Insurance and Guarantee Programs
The federal government insures individuals and firms against a variety of risks, such as loss of deposits from bank failures, crop failures, property damages from flood, and loss of pension benefits. Budget reporting for insurance programs focuses on annual cash flows. Outlays are recorded when claims are paid and collections for insurance programs (such as premiums) are recorded in the budget when received.
In contrast, the Financial Report records expenses or losses for estimated insurance claims when events have occurred and the probable effects can be reasonably estimated. Accordingly, losses are recognized as a liability on the balance sheet when claims have not been paid. The change in the liability generally represents a difference between the cash and accrual deficits. The losses reflect expected future spending that will affect the future cash deficits—some of the fiscal exposure associated with insurance programs.
The table below shows the reported liabilities for 2009 through 2013. The Pension Benefit Guaranty Corporation (PBGC) and the Federal Deposit Insurance Corporation (FDIC) account for most of the differences between the cash and accrual deficits in recent years. Other insurance programs include crop insurance and credit union insurance programs.
Insurance and Guarantee Program Liabilities (By Fiscal Year, Dollars in Billions)
|Pension Benefit Guaranty Corporation
|Federal Deposit Insurance Corporation
|All other insurance and guarantee programs||12.6||13.0||21.3||24.3||8.1|
|Change in liability from previous year||81.1||9.4||-13.9||-5.3||-26.4|
|All other insurance and guarantee programs||-0.4||0.4||8.3||3.0||-16.2|
For FDIC, the difference between the accrual and cash deficit is the change in contingent liabilities, liabilities due to resolution of failed or failing institutions and pending depositor claims and debt guarantees.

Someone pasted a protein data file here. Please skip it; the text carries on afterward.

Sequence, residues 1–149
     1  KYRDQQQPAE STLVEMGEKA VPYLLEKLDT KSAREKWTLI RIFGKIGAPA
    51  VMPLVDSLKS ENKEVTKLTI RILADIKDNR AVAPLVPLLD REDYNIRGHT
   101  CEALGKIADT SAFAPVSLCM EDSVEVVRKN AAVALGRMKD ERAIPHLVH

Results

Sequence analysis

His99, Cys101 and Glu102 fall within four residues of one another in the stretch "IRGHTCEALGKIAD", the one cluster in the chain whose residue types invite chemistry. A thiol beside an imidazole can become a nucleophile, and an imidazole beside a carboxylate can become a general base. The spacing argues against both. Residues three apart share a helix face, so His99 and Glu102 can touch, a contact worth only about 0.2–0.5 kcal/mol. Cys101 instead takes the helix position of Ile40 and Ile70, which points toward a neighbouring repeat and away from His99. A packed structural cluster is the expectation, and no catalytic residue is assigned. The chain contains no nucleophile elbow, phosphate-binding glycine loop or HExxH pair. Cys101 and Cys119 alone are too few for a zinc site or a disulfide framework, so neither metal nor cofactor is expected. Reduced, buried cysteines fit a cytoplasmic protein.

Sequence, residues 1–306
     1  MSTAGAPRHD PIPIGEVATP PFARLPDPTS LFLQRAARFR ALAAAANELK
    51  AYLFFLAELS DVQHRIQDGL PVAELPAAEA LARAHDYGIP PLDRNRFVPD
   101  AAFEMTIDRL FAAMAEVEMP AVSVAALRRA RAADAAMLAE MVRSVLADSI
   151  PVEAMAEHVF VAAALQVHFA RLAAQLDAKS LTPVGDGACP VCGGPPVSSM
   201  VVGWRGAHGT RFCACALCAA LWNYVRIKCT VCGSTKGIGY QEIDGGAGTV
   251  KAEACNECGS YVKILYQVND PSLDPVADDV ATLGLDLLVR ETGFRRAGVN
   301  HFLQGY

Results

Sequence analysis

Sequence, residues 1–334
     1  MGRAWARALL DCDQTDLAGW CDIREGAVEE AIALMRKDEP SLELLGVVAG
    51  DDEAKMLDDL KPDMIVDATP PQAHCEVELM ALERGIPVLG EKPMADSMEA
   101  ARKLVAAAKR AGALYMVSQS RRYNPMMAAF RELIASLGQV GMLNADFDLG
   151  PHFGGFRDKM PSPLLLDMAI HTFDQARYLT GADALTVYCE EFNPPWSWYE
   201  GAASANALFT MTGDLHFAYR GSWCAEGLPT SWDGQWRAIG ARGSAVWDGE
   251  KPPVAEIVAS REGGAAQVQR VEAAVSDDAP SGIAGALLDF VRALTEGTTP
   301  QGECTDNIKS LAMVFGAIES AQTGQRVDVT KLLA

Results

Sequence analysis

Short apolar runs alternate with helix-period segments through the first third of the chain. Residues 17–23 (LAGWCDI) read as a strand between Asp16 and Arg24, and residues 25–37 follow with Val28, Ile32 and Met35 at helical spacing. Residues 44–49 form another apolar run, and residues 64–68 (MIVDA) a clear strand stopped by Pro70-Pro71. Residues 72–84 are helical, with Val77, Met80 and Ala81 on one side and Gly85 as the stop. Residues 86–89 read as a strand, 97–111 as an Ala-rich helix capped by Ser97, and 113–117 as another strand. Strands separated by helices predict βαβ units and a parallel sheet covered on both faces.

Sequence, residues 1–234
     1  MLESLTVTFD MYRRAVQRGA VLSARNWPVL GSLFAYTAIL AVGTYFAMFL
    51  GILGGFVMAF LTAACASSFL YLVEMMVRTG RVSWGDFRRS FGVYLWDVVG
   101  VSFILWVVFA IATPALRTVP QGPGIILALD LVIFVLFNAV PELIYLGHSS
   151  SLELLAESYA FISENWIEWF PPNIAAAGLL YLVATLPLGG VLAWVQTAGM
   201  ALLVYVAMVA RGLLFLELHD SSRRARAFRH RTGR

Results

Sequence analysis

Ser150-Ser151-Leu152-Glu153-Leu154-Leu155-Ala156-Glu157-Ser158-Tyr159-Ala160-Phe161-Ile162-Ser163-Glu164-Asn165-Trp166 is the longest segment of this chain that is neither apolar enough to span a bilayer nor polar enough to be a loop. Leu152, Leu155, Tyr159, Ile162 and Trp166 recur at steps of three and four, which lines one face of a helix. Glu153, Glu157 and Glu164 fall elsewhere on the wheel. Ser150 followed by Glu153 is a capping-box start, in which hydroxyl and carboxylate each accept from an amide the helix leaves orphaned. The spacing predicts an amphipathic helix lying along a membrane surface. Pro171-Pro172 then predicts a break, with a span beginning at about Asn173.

For PBGC, the difference in the cash and accrual deficits relates to the change in liability for retiree benefits of terminated pension plans, which is composed primarily of
- losses (i.e., the difference between the present value of estimated future benefits and plan assets) for pension plan terminations occurring or incurred during the year (both completed and probable),
- net changes in the value of assets and the present value of estimated future benefits for pension plans that terminated in prior years due to factors such as returns in the stock and bond markets, changes in interest rates, and changes in other actuarial assumptions used to measure the value of future benefits, and
- cash benefit payments that are recognized in the budget.
The loss included in the accrual deficit represents the changes in the amount for which PBGC estimates it will ultimately be responsible. As such, the losses reflect expected future spending that will affect the future cash deficits.
What drives changes in insurance and guarantee programs?
Catastrophic events in the economy (e.g., the financial crisis and subsequent economic downturn) and in the environment (e.g., natural disasters) can lead to changes in insurance liabilities from year to year. In 2009 and 2010, FDIC's insurance liabilities increased (in comparison to pre-banking crisis levels), primarily due to actual and anticipated bank failures. From 2011 through 2013, the FDIC liability has decreased due to the resolution of failed banks and a decline in the estimated number and losses of future bank failures. For example, in 2013, the budget recorded net cash outlays (claims paid less any receipts) for FDIC of $748 million. FDIC’s liabilities declined substantially from 2011 through 2013.
The key drivers of accrued losses recognized by PBGC are the economic health and benefit obligations of companies that sponsor defined-benefit pension plans. PBGC estimates the loss for pension plans that are probable to be terminated in the near future by assessing macroeconomic conditions that can influence firms and investments and the specific performance of particular companies. In 2009 PBGC recognized an increase in liability of $23.1 billion. This increase was largely due to the economic downturn. The amount of the liability related to PBGC continued to increase at a more modest rate through 2012 and decreased slightly in 2013 primarily due to a change in interest factors.